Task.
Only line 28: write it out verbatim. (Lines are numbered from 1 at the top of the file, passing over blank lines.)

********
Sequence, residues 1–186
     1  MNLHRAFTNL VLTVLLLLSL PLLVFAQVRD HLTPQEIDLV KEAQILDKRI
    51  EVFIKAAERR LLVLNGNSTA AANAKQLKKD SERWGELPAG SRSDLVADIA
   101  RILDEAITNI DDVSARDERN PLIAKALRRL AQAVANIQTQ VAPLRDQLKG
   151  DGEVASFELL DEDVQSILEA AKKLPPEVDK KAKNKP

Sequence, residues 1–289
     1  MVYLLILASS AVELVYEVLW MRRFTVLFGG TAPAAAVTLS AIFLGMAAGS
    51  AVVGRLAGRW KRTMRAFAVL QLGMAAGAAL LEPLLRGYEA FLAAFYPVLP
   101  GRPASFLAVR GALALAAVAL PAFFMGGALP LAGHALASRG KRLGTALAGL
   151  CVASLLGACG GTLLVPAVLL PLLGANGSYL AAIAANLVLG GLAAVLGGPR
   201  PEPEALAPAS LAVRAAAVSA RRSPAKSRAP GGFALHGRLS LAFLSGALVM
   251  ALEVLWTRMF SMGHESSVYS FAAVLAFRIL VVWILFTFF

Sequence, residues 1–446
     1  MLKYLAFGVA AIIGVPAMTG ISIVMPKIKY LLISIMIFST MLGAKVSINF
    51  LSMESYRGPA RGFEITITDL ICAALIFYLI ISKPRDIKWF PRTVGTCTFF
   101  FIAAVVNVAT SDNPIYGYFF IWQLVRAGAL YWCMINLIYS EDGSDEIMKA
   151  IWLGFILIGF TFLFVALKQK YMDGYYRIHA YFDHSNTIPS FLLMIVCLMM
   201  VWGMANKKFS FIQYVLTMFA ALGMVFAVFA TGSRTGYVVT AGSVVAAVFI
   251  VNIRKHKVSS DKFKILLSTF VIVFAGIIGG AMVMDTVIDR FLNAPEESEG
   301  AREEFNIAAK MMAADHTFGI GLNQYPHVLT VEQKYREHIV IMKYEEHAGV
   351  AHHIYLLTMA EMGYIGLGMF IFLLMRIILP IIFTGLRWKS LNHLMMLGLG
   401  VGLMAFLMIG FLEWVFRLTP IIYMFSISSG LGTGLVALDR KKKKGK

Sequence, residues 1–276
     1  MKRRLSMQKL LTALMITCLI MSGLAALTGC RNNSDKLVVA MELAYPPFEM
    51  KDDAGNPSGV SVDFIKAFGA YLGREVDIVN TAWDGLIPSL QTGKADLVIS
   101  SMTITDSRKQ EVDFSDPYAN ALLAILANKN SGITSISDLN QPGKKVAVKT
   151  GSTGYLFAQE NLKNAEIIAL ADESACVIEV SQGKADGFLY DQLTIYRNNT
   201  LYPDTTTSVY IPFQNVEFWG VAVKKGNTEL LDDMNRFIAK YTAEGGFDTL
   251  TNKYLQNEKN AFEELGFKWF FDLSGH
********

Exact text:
   201  LYPDTTTSVY IPFQNVEFWG VAVKKGNTEL LDDMNRFIAK YTAEGGFDTL